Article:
Tag Archives: visitors
The brief hiatus in my blog postings may be contributed to several factors: a three-week loss of internet at my house (according to our Thai technician, the server “die”), a busy school schedule of site visits with my field director, a visitor from the States, and a plain lack of discipline on my part.
Kaela, one of my best friends and travel companions arrived last month and spent two weeks living the rural life in Pla Pak, attending my classes during the day, playing volleyball after school with the students (I am officially the new volleyball coach at Wang Yang), and exploring the night markets in town. By the beginning of July she had enough “cultural emersion” and we were both ready to leave behind the squat toilets and fan-only sleeping accommodations for hot showers and air-con. Destination: Northern Laos. We spent two nights in Nong Khai, which is one of the only cities on the backpacker trail in Northeastern Thailand due to its location on the Mekong, directly across from Vientiene. For those of you who remembered my last journey to Nong Khai with Amber, this second attempt proved to be much less anxiety-producing! After two nights in this border town, one in Vientiene, another two in Luang Prabang (not to mention two overnight bus rides thrown into the mix) we are now wearily but happily wrapping up our weeklong trip back in Nong Khai.
I will be posting some pictures in the near future, but in the meantime I thought I would share my top five experiences from our trip to Laos:
#5: Eating at Joma Bakery Café in both Vientiene and Luang Prabang, providing an air-conditioned refuge for over-heated backpackers such as ourselves and serving some of my most-missed Western favorites like reubens, croissants, and apple-cinnamon muffins
#4: Finding a Lao cookbook tucked away in a Vientiene bookstore that includes just about every Isan dish I’ve eaten in Thailand, as well as a thorough explanation of the cooking utensils and region-specific ingredients used, in both English and phonetic Lao/Isan
#3: Perusing the Hmong handicraft night market in Luang Prabang and their endless stalls of embroidered quilts, pillow cases, silver jewelry, and of course, pouches of every shape, size and color
#2: Having an understandable, fluid conversation with a tuk tuk driver at the Vientiene bus station, completely in Lao
#1: Surviving the 10+ hour overnight trip on mountainous Route 13 between Vientiene and Luang Prabang twice, which felt more like riding a roller coaster in the dark without a safety bar than a bus ride, and during which our bus even started on fire once and had to be evacuated while it was extinguished and the smoke cleared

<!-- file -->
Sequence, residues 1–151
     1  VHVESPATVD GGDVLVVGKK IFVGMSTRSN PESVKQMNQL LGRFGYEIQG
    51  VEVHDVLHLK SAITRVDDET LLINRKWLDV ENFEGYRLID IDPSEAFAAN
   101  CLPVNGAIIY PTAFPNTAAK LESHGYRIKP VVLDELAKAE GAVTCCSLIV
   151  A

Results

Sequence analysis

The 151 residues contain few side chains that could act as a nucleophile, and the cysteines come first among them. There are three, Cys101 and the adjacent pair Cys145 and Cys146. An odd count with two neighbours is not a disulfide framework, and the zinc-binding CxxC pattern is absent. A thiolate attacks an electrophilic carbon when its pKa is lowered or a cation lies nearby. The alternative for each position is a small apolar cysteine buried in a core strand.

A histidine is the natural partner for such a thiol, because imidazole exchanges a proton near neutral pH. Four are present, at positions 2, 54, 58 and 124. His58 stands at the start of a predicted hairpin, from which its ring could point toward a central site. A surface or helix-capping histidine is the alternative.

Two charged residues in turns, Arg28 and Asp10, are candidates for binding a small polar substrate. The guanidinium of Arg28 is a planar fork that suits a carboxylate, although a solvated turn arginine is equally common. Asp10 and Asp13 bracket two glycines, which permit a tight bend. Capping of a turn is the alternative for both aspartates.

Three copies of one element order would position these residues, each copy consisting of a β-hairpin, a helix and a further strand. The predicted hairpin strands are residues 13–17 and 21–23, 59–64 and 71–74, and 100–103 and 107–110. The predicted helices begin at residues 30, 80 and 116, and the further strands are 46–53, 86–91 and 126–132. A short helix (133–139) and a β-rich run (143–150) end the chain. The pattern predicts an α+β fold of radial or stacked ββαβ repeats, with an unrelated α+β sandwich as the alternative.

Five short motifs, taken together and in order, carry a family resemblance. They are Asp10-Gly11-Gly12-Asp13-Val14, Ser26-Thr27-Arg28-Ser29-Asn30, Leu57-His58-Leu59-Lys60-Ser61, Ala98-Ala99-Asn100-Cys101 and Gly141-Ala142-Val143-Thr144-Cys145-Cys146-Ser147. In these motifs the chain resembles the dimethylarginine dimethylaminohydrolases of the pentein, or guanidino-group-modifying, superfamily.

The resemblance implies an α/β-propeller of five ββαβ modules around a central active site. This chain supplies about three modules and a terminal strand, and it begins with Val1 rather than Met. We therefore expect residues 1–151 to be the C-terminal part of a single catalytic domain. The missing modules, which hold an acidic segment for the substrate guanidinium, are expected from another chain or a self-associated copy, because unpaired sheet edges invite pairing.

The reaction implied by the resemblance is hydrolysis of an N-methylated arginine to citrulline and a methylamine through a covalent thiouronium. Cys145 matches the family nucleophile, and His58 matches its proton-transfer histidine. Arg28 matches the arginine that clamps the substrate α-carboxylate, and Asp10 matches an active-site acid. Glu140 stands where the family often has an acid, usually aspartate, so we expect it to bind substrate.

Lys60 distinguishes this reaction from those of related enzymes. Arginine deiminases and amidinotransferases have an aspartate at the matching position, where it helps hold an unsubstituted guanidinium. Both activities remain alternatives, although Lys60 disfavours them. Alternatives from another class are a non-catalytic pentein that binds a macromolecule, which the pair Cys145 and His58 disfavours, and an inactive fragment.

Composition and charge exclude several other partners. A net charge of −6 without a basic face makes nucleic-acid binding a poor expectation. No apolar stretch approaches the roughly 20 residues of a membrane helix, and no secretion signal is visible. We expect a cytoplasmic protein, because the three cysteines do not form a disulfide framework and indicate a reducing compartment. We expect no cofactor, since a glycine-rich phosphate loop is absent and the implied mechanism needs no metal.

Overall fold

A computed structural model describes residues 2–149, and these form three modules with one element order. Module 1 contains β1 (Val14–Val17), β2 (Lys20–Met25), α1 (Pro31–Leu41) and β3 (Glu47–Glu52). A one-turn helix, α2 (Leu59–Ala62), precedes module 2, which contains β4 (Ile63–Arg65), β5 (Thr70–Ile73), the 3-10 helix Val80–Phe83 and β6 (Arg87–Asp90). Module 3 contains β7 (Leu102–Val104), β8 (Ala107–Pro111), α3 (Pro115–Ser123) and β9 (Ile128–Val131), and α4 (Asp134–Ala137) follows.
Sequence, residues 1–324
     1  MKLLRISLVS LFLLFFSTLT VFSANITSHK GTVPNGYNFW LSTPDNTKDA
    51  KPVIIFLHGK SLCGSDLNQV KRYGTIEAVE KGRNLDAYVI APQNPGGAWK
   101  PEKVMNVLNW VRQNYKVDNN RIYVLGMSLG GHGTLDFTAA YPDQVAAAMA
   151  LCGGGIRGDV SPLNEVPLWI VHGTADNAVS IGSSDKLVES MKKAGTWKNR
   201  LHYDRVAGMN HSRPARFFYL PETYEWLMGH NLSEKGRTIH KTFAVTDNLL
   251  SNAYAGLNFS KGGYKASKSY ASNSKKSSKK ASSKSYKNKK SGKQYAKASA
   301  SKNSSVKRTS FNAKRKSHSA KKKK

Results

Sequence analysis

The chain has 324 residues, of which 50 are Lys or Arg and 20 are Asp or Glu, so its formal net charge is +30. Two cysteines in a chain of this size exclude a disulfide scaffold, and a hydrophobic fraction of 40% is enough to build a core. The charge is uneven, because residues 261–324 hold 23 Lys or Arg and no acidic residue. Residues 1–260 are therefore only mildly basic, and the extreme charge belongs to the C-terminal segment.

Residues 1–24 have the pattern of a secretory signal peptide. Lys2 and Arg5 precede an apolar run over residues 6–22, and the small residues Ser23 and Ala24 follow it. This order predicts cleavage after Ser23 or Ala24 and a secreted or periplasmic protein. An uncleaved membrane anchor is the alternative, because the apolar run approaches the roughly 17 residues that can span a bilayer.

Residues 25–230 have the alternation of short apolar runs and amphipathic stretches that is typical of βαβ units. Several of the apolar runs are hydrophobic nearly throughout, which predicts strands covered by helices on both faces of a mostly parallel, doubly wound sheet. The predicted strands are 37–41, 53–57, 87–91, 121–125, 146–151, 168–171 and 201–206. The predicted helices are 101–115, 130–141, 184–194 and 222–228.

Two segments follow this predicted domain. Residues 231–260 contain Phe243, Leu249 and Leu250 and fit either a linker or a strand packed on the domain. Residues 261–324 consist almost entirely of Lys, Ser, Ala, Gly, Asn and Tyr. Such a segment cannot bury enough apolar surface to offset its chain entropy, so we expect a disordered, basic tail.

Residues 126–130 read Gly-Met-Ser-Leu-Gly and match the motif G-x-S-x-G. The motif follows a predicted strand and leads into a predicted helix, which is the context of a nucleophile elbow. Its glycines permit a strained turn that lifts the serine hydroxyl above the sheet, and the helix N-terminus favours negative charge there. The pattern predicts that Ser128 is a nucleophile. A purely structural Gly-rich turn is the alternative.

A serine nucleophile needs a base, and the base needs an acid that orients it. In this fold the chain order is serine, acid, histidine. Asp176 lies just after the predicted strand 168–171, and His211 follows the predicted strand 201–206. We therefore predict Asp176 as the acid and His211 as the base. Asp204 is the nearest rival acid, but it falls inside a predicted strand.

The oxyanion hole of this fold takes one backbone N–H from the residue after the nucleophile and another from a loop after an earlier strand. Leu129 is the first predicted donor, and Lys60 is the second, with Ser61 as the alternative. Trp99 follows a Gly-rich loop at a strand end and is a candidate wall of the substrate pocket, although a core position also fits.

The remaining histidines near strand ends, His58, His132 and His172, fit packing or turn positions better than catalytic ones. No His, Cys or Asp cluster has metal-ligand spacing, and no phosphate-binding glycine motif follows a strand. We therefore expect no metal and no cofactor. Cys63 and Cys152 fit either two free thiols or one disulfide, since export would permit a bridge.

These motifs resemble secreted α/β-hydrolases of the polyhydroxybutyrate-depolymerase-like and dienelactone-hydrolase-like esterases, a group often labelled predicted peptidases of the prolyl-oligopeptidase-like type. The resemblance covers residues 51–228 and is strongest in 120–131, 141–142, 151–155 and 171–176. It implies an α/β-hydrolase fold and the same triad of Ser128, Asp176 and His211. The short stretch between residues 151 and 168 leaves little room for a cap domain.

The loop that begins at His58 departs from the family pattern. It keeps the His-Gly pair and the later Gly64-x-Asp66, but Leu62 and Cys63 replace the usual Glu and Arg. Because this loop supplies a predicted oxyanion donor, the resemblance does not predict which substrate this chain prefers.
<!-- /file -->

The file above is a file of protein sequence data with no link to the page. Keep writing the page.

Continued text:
Pictures to come soon!
Although I’ve been teaching at two elementary schools in Northeastern Thailand for over three months now, I have yet to share many details of my teaching experiences. During this time I’ve acquired a handful of interesting, and yes, peculiar, stories about my students, fellow teachers, and others who find their way into my daily life.
First let me begin by outlining a typical day: On Mondays, Thursdays, and every other Wednesday, I wait at the corner of the ban pak kru (teacher housing) for Kru Khem, my co-teacher at Wang Yang. On Tuesdays, Fridays, and the other Wednesdays I bike to Pi Tuk’s house (who is married to Kru Khem) and from there we drive to Pla Pak Noi. About a month ago during a car ride she exclaimed: “Bai-Khao, new time! New pick-up time!” What was once a loosely-established 8:00am pick-up time in front of my ban pak kru shifted to 8:20 and before I knew it I was asked (well okay, told) to bike to her house rather than having her drive in the opposite direction of Pla Pak Noi to pick me up. I see no big problem with this arrangement…until the rainy season, at least.
Upon arrival at school around 8:30am I am typically greeted by some of my bravest and most curious students. I go to the teacher’s office/lounge to sign in, print off any materials for the day, and head to my room to prep for class. I typically teach 3 to 4 classes per day, with a lunch at noon and an hour between each class, leaving me a lot of time to work on materials for the next day’s lesson. As I have become more integrated into the school culture, however, I am finding it more and more difficult to utilize this prep time for work because my students actively seek me out and request to play games. I usually give in (I mean come on, how can I not??) and set up a fun alphabet scramble game that Dr. J, another WorldTeach volunteer, taught us during orientation. I’ve also started reading stories at Wang Yang which was sparked by the realization that the students are watching Thai soap operas in the library! I think the TV is meant for distance learning television (a concept that is very popular among Thai teachers here) but Wang Yang has seemed to stray a bit from this practice. By 4:00pm the students are usually finished with their closing assembly and are heading home, along with the teachers. If I’m at Pla Pak Noi at this time you can usually find me in the school garden with some of my students, who are testing me on the names of the various onions, greens, and herbs they are growing. Each grade has it’s own plot and they are responsible for planting, watering, and picking the vegetables. Here’s a picture of the garden and a few of my fifth graders:
School days are always full of surprises and challenges and luckily my recent visitors were able to experience some of these moments with me. For example, it is not uncommon for salespeople to show up during our lunchtime to market their products while we eat. During Alyssa’s visit there was a young guy with spiked hair, skinny jeans, and gauges selling a sticky rice maker at Wang Yang. He actually made sticky rice for the teachers, which meant he sat there while we ate (about 25 minutes) just watching the machine. I tried the rice. It was good but I think the traditional (slower) way is much better.